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NOTHING CRYPTIC

The SEC wants to regulate bitcoin, and bitcoin doesn’t like it at all

Reuters/Jim Bourg
Standing its ground.
  • Preeti Varathan
By Preeti Varathan

Video Journalist and Economics Reporter

Published This article is more than 2 years old.

After months of rumors that US financial regulators might come for cryptocurrencies, the Security and Exchange Commission (SEC) has issued dozens of subpoenas (paywall) and information requests to companies involved in crypto markets.

In a statement today (March 7), the SEC argued that digital assets, like coins and tokens offered and sold in initial coin offerings (ICOs), fall within the definition of a “security” under US security laws.

That could mean platforms that trade digital currencies would have to register with the SEC.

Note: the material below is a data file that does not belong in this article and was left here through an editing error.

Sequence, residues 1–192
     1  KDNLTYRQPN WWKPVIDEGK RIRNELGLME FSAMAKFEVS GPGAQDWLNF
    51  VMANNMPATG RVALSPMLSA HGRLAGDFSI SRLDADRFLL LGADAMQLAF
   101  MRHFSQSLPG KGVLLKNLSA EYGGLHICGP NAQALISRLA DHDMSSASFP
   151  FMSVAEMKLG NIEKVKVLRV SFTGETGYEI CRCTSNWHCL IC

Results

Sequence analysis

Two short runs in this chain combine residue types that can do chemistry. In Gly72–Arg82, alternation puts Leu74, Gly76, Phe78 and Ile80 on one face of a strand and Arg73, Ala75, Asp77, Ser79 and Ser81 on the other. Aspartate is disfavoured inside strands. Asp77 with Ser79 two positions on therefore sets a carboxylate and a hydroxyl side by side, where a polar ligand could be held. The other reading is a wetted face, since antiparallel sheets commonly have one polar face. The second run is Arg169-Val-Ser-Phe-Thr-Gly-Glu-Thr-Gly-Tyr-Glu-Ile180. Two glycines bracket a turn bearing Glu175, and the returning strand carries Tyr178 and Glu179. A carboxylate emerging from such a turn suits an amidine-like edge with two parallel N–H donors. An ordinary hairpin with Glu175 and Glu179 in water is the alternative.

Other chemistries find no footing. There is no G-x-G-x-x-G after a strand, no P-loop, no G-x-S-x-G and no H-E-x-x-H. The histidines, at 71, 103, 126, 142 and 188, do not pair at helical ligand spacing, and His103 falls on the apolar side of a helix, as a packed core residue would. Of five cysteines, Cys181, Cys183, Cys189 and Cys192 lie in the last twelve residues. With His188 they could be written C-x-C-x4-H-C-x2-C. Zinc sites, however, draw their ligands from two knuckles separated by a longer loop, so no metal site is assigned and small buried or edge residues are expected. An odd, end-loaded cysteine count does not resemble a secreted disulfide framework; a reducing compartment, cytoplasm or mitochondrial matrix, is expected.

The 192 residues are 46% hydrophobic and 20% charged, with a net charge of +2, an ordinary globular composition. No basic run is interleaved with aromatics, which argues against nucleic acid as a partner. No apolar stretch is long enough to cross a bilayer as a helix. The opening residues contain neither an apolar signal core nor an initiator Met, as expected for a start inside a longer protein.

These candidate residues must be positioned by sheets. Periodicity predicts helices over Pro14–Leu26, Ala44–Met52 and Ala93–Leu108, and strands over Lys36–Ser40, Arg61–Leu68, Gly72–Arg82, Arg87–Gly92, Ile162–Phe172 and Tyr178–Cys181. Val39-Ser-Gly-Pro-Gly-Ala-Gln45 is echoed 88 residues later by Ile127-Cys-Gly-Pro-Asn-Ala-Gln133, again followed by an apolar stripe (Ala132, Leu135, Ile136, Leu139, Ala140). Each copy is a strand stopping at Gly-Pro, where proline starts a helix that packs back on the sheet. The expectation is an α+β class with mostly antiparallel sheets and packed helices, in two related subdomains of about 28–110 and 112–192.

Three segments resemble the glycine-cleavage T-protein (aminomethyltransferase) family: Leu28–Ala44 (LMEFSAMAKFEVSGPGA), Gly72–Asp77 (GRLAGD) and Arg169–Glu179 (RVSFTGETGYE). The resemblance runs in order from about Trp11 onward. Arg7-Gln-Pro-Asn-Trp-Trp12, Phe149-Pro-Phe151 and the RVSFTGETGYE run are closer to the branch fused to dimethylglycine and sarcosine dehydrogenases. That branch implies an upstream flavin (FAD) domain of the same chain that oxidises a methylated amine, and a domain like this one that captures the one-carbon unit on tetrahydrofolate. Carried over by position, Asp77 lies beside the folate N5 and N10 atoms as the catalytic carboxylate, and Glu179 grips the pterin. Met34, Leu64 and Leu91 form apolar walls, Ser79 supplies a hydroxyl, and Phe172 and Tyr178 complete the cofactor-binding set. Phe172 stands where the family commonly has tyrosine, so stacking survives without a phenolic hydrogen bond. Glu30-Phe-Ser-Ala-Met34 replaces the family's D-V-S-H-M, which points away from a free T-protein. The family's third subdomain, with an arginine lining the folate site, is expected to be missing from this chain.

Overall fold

The SEC is the federal agency responsible for protecting investors and keeping order in markets. All  of the national securities exchanges, like the New York Stock Exchange, Chicago Stock Exchange, or Cboe Exchange, are registered with the SEC.

The SEC is worried investors in bitcoin and other cryptocurrencies think they’re getting the protections and benefits of a registered exchange, when they’re not.

“Many platforms refer to themselves as ‘exchanges,’ which can give the misimpression to investors that they are regulated or meet the regulatory standards of a national securities exchange,” said the SEC in a statement on its website. “There is no reason to believe that such information [on digital currency platforms] has the same integrity as that provided by national securities exchanges.”

News of the probes and the SEC statement chilled markets. After today’s announcement, bitcoin prices fell 9%.

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